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The prevalence of Streptococcus pneumoniae serotype 6C, a recently recognized serotype that cross-reacts serologically with serotype 6A, was investigated. Isolates of serotype 6A in various collections were recovered, and serotype 6C was differentiated from 6A by multiplex PCR of DNA extracts by using appropriate primers. Antimicrobial susceptibility was performed by Clinical and Laboratory Standards Institute broth microdilution, and selected isolates were typed by pulsed-field gel electrophoresis, repetitive sequence-based PCR typing, and rapid multilocus sequence typing (MLST) by electrospray ionization mass spectrometry of PCR products. A total of 60 serotype 6C isolates were found: 30 of 122 Cleveland isolates collected from 1979 to 2007, 19 of 39 pediatric isolates collected nationwide in 2005 and 2006, and 11 pediatric isolates from Massachusetts collected in 2006 and 2007. Only four isolates were recovered prior to introduction of the conjugate pneumococcal vaccine in 2000; the earliest isolate was recovered in 1989. The sources of the isolates included blood (n = 5), the lower respiratory tract (n = 27), the sinus (n = 5), the ear (n = 2), and the nasopharynx (n = 18); isolates were recovered from 49 children and 11 adults. Pediatric isolates were found in all six major U.S. geographic regions. Antimicrobial susceptibility showed that 22 isolates were nonsusceptible to penicillin, macrolides, and trimethoprim-sulfamethoxazole, 8 had other resistance patterns, and 30 were fully susceptible. The three typing methods used showed similar clusters of up to eight isolates per cluster. MLST showed five clusters related to serotype 6A, two clusters related to serotype 6B, one cluster related to serotype 3, and one cluster related to serotype 34. This study documents the occurrence, nationwide distribution, diversity, likely origins, and increasing incidence after 2001 of this recently recognized serotype. Serotype 6C warrants consideration for addition to future conjugate pneumococcal vaccines.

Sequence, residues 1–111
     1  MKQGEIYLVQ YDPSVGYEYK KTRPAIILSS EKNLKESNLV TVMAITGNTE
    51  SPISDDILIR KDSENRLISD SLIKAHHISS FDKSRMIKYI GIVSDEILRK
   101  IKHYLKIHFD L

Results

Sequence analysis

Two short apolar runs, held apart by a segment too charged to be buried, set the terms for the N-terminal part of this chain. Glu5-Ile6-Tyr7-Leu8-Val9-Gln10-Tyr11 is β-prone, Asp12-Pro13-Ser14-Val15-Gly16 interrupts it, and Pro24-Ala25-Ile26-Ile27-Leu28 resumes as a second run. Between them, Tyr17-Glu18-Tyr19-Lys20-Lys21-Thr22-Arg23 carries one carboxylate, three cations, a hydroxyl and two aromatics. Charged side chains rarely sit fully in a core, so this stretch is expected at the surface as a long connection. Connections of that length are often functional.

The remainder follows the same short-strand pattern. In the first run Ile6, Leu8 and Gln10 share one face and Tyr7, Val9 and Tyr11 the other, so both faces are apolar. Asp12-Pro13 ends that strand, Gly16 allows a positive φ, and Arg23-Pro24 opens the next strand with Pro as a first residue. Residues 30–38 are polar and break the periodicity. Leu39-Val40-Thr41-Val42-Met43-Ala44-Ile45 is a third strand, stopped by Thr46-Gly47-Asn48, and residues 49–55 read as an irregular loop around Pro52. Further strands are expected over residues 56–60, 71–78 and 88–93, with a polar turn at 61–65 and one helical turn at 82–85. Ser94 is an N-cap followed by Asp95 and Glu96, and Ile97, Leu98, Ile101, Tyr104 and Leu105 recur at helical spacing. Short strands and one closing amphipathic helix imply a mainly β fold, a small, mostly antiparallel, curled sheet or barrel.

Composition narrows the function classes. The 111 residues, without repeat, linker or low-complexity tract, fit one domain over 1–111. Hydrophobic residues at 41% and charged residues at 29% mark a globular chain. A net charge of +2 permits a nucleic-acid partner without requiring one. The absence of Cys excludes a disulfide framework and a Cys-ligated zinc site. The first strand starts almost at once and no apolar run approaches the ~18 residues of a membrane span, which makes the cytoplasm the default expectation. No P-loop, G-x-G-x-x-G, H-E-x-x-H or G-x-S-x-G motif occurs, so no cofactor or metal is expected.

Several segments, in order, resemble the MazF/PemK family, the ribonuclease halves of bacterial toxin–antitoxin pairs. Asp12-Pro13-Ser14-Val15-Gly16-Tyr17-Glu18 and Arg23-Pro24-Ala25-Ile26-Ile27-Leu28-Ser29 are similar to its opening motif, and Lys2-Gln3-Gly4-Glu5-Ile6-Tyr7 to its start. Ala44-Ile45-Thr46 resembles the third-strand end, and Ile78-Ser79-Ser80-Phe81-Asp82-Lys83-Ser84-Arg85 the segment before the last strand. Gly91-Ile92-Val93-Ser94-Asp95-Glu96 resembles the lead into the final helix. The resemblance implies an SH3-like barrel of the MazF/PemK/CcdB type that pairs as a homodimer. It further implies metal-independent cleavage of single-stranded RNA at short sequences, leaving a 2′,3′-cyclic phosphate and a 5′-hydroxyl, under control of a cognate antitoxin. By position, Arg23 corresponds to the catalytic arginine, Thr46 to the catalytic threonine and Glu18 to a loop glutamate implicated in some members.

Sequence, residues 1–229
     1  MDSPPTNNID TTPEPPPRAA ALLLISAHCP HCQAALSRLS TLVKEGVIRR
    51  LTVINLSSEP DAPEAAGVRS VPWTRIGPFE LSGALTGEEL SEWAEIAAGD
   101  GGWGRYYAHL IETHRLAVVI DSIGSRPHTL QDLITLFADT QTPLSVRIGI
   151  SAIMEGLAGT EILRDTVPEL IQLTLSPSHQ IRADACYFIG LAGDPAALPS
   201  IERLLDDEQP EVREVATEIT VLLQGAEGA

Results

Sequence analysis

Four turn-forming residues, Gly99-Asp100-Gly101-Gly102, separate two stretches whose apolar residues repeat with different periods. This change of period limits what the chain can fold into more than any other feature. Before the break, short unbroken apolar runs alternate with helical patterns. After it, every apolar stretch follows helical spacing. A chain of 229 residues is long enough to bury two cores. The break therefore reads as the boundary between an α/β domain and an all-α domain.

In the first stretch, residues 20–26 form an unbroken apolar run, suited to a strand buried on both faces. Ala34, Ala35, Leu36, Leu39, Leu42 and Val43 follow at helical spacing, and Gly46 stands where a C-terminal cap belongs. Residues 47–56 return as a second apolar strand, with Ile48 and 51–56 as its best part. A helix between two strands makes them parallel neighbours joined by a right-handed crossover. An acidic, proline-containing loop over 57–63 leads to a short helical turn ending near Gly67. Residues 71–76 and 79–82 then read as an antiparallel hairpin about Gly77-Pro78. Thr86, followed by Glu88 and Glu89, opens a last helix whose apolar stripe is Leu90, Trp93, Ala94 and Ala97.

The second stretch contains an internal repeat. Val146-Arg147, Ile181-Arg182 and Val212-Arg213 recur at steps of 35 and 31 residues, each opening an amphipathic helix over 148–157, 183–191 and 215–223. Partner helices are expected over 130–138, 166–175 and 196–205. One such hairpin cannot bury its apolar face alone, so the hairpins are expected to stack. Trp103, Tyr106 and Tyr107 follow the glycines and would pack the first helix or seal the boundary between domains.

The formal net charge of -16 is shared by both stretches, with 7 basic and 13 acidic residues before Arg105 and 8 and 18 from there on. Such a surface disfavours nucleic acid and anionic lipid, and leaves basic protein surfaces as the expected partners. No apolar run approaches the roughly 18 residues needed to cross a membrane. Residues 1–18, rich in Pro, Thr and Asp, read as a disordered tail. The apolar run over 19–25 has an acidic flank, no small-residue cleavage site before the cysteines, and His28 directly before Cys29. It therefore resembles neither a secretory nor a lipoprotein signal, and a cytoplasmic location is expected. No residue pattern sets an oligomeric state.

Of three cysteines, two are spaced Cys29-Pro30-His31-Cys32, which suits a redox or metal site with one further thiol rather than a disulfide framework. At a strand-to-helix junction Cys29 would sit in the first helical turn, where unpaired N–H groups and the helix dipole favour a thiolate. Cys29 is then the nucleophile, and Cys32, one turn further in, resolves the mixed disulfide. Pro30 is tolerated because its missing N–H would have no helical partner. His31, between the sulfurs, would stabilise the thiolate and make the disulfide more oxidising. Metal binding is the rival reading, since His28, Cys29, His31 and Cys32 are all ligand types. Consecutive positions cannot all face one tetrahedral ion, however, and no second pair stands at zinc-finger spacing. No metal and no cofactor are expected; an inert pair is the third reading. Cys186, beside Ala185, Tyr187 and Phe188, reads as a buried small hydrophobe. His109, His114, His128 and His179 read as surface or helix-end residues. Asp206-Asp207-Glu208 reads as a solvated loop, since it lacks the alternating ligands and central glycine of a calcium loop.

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Identification of Streptococcus intermedius central nervous system infection by use of PCR and electrospray ionization mass spectrometry.
J. Clin. Microbiol.